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As I was thinking to reinstall a Host Operating system (homesystem), I asked myself if the VMs running on the host shouldn't be deleted and reinstalled too. Assuming malware (backdoors) and so on could haunt inside the VMs.

Could the VMs be used to infect the Host System and is there a standard behavior on how to manage the VMs, e.g deleting or using backups (if the first) or reverse engineering?

I read also this topic here.

closed as unclear what you're asking by Marcus Müller, Xander, Matthew, kasperd, grochmal Dec 8 '16 at 1:55

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  • If you're wiping the entire host system, doesn't that include everything stored on it, including any VMs? – Xiong Chiamiov Dec 6 '16 at 21:09
  • I have backups that I did recently. – Tech-IO Dec 6 '16 at 21:26
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    @GiaRui "wiping something" obviously means "Not restoring it from backup immediately after" – Marcus Müller Dec 6 '16 at 21:36
  • @GiaRui anyway, you're asking multiple things in one question. "Can VMs infect my host system?", "should I delete my VMs, too?". It's however neither clear why you wipe your host nor why you'd want to wipe your guest systems, so no-one can help you – Marcus Müller Dec 6 '16 at 21:37
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    Yes sorry. Assuming that the Host is compromised as well as the vm's. Maybe the backups are also infected. Thanks – Tech-IO Dec 6 '16 at 21:48
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It is possible for the guest VM's to be infected if the malware either understands how to control the guest or there is a live connection between the host and guest - e.g using a "shared" drive or network drive.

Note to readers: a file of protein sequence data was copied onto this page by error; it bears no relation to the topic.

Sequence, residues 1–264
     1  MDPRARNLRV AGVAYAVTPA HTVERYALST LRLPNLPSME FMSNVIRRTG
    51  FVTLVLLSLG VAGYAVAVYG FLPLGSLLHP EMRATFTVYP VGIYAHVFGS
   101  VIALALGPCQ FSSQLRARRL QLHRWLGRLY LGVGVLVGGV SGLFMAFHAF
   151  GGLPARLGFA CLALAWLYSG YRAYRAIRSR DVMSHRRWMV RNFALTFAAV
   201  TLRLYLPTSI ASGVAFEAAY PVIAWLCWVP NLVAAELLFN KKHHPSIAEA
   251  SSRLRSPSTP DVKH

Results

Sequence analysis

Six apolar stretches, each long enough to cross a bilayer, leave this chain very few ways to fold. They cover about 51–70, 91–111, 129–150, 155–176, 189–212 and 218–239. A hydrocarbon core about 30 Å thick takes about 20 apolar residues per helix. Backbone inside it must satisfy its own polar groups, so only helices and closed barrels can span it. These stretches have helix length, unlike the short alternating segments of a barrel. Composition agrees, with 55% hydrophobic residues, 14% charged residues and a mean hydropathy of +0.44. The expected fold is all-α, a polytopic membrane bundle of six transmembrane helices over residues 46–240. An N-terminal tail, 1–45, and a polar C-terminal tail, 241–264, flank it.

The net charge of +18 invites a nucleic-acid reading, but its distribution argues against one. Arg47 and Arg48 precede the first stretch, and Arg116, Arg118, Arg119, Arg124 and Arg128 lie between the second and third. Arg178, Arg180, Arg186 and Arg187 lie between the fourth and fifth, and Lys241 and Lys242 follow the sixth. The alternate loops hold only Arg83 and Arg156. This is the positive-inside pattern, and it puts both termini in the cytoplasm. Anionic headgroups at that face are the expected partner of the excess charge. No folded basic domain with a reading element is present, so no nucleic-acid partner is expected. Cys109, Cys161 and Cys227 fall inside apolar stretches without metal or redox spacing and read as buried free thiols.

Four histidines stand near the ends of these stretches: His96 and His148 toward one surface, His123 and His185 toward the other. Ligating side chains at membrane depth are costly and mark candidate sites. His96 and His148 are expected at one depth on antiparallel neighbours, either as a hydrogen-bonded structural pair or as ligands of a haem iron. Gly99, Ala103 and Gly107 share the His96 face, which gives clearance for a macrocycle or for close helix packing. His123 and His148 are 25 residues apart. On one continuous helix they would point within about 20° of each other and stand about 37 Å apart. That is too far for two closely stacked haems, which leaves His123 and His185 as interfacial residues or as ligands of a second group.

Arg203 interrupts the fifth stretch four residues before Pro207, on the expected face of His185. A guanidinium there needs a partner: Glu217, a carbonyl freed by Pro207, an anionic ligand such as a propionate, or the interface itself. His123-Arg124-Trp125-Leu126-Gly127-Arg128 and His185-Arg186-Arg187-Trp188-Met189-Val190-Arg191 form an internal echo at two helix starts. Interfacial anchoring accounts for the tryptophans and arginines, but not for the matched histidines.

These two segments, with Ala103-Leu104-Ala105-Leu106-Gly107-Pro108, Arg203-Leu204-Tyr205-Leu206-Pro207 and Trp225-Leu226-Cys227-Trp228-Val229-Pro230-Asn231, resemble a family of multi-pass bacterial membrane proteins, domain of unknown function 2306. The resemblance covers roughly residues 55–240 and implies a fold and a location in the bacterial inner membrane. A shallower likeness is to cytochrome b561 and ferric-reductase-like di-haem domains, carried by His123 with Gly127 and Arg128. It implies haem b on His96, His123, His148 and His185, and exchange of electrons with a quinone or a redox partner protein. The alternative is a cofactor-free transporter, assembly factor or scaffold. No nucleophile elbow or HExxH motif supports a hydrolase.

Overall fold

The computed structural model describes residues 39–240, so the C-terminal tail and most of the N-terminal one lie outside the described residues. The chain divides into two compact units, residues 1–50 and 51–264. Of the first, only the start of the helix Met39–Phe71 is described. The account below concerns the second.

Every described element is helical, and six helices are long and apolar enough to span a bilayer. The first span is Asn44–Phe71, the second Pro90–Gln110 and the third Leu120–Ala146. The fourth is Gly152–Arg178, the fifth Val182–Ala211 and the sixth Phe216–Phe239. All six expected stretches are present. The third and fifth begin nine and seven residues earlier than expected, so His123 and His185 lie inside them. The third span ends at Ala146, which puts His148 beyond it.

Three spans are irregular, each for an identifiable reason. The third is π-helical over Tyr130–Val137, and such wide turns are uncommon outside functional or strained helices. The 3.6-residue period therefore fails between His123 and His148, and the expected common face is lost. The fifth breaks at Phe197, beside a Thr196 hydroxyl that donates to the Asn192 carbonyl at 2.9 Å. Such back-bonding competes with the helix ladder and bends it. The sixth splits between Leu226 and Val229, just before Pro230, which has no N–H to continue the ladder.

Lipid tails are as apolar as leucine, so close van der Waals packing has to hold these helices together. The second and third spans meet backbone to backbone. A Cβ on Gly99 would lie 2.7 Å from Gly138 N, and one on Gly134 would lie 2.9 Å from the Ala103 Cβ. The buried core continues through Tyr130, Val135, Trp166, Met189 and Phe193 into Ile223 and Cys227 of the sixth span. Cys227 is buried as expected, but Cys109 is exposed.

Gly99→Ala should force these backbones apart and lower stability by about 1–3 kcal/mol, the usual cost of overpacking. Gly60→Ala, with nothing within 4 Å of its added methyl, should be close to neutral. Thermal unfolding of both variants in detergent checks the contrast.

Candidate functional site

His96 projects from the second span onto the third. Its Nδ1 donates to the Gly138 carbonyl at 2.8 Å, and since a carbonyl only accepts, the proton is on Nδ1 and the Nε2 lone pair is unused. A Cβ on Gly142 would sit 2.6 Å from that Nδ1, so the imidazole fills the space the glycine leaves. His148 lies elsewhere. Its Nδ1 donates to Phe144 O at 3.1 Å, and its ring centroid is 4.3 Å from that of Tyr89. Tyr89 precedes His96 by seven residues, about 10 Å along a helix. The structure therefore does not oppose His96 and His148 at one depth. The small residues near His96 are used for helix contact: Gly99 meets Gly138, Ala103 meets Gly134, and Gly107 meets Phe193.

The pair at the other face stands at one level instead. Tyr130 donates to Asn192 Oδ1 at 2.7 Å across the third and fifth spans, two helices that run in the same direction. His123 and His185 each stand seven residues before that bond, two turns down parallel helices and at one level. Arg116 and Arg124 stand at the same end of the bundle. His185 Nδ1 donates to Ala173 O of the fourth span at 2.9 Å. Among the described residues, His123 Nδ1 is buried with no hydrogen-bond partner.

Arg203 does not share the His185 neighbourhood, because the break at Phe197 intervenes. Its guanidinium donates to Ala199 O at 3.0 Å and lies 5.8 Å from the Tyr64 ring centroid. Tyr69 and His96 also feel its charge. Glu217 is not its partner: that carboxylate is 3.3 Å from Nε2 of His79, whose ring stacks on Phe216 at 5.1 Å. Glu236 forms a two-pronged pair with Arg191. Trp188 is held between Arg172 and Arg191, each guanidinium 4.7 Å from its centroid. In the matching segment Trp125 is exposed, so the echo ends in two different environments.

The first is unlikely, the second is reasonably likely.

So if you can easily share data between the host and the guest, you should probably assume that the guest is compromised - assuming that it was running when the malware was.

It is theoretically possible that malware could also directly infect a virtual disk but again unlikely, I'm not aware of any.

If you are using VM's, it is common and sensible to take a snapshot of the VM and drives after initial setup. Write that to CD/DVD or pen drive and keep it offline until needed.

As for the VM infecting the host, the same logic applies.

If you want to experiment with malware on a VM, you need to ensure that there is minimal contact between the VM and the host. Don't share drives, don't have a shared network.

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